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Rappers defend lyrics deemed anti-Semitic amid award backlash

"Hip-Hop/Urban - National" award winners Kollegah and Farid Bang speak on stage during the ECHO Awards show at Messe, in Berlin, Germany, April 12, 2018.

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A German rap duo whose infamous lyrics include references regarded as anti-Semitic have been awarded one of the country's most prestigious music prizes.

In a move that caused a nationwide outcry and attracted international condemnation, Kollegah and Farid Bang received the ECHO award for best hip hop/urban album at a ceremony in Berlin.

Entitled "Young, Brutal, Handsome 3," the album contains tracks in which the artists refer to their muscles being, "more defined than those of Auschwitz inmates" and re-imagining the Holocaust with Molotov cocktails.

Their winning of the award, which is the German equivalent of a Grammy, was swiftly condemned by prominent artists, Jewish organizations and senior politicians.

Monika Gruetters, Germany's culture and media minister, said that while artistic freedom was cherished in the country, "a line was crossed" in this instance. She said the duo, based in the city of Offenbach, should never even have been nominated.

"It is not a question of taste, but about the responsibility of the art and the artist for our community," Gruetters said.

Kollegah, 33, a Muslim convert whose real name is Felix Blum, defended the lyrics, arguing that they had been "misinterpreted," and offered to provide free tickets to future concerts for Jewish fans.

In a YouTube video, he also blamed the mainstream media for underestimating the intelligence of his listeners.

Kollegah's artistic partner Farid Bang, born Farid El Abdellaoui to parents of North African origin, apologized in a letter to 93-year-old Holocaust survivor and musician Esther Bejarano for any offense caused.

The duo have gained notoriety in Germany for their provocative content, which critics have labelled misogynistic and homophobic.

A track from a previous album, entitled Apocalypse, depicted Jewish bankers as controlling world affairs.

The duo's record label, BMG, initially stood by the controversial tracks, saying it would not dictate the content of its artists' albums. But the Bertelsmann-owned firm said it would donate 100,000 euros to a campaign dedicated to fighting anti-Semitism in German schools.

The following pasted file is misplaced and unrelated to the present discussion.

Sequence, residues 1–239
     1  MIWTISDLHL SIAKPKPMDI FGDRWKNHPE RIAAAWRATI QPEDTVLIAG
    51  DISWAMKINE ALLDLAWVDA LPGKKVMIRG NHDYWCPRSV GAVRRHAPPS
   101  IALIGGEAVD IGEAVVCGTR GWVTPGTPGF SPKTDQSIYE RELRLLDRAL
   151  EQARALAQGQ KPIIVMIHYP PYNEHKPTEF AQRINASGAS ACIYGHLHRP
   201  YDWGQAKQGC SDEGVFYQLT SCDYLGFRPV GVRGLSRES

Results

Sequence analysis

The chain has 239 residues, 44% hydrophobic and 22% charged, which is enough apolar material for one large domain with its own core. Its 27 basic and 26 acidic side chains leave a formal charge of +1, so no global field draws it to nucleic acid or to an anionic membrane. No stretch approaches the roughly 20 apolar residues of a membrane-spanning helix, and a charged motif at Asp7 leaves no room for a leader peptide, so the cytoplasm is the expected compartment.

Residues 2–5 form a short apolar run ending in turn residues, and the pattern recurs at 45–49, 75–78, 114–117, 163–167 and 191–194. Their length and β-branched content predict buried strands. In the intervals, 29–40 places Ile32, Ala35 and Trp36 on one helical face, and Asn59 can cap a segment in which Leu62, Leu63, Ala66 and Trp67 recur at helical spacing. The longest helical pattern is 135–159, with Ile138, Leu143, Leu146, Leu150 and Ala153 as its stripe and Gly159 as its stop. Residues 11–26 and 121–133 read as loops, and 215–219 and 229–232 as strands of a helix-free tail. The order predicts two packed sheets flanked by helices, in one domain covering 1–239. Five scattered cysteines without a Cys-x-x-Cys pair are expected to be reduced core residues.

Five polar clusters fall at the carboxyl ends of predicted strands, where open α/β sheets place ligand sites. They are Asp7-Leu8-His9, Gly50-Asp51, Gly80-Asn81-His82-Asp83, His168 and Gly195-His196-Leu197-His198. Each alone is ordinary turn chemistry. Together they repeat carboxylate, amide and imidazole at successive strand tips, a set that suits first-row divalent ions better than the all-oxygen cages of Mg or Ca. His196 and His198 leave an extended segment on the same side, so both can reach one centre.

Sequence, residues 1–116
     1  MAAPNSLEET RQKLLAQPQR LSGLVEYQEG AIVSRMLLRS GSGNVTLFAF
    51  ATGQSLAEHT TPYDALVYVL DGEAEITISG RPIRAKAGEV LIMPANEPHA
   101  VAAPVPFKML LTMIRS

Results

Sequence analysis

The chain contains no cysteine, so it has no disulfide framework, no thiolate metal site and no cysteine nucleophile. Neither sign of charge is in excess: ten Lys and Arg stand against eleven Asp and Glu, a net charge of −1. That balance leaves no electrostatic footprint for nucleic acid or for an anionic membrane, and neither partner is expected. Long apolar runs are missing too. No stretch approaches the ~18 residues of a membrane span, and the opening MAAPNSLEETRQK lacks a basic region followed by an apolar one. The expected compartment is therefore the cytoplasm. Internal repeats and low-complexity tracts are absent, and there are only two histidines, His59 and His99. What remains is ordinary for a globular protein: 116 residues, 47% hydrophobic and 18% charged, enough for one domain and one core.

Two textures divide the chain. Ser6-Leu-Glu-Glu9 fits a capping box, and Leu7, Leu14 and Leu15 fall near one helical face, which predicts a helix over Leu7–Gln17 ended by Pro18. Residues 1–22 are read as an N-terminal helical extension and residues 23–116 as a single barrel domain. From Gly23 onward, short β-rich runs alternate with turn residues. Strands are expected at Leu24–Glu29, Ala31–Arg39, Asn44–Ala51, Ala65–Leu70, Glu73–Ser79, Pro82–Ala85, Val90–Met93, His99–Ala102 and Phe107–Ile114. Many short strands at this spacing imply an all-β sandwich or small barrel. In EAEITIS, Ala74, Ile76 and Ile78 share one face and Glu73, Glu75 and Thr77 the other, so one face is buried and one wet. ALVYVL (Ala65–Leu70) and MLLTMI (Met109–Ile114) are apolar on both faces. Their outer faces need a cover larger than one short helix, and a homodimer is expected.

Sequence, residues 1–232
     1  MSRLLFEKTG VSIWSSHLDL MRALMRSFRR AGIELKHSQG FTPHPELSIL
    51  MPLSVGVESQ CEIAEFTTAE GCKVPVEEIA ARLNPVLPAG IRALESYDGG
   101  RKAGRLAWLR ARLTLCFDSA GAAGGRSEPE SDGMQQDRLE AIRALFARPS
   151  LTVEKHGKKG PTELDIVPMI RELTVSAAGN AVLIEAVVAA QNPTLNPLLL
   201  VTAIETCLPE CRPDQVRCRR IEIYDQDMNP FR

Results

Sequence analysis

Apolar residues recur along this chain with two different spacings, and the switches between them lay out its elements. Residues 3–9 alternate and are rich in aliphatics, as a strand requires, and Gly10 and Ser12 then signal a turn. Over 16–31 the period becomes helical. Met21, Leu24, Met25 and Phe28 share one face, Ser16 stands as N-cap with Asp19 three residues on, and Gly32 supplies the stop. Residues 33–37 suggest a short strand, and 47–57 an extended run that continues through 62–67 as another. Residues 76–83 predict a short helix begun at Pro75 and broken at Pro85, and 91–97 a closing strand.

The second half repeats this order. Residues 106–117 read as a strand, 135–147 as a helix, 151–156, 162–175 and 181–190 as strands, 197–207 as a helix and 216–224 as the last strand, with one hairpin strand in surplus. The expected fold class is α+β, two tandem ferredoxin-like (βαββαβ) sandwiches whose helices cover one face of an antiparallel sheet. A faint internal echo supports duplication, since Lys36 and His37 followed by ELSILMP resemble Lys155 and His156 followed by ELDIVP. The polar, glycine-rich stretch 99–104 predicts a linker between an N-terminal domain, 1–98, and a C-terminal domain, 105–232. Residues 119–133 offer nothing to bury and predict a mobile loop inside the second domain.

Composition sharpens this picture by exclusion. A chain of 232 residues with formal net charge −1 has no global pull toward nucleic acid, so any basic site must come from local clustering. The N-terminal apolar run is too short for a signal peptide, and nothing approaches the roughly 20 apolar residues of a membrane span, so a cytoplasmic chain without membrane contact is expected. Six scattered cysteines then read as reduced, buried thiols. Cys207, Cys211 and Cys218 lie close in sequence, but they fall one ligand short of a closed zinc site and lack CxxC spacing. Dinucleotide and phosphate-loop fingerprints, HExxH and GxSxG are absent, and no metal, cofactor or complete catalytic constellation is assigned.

BMG's chairman Hartwig Masuch later told the German newspaper FAZ that the company was putting its cooperation with Farid Bang and Kollegah, "on hold... in order to further discuss the issue."

"We deeply apologize to the people whose feelings were hurt by the rap duo's lyrics," said Masuch, who called the lyrics "tasteless," and the entire episode a "wake up call" for the industry. 

Anti-Semitic attacks have been on the rise in Germany, and the issue was brought to national prominence once again this week when two young men wearing Jewish skullcaps in the gentrified Berlin neighbourhood of Prenzlauer Berg were assaulted.

The increase in such incidents has led Prime Minister Angela Merkel's government to appoint a special commissioner to tackle prejudice, particularly in primary schools.

The backlash over Kollegah and Farid Bang's award began at the ECHO ceremony itself, when one of Germany's most recognizable cultural figures, Campino, the lead singer of 1980s rock band Die Toten Hosen, registered his protest by refusing his own award, and railing against the rappers.

Several other German stars, including cover artist Klaus Voormann, classical pianist Igor Levit and conductor Enoch zu Gutenberg announced they would return previous awards.

Rock musician Marius Müller-Westernhagen, a recipient of multiple ECHO awards, defended the duo from accusations of anti-Semitism, instead branding them "shockingly ignorant."

The head of Germany's music industry association, BVMI, which oversees the ECHO awards, apologized to those whose "feelings had been hurt" by the rappers' recognition. In a letter to Jewish leaders, Florian Druecke said his board had wanted to "promote artistic freedom" and committed to making sure nothing similar would occur in the future.

Holocaust survivor and former president of the Association of the Jewish Community Charlotte Knobloch said she was shocked by the lack of sensitivity, and considered the award a "devastating signal." 

The timing of the ECHO awards, on April 12th, coincided with Yom Hashoah, Israel's Holocaust Remembrance Day.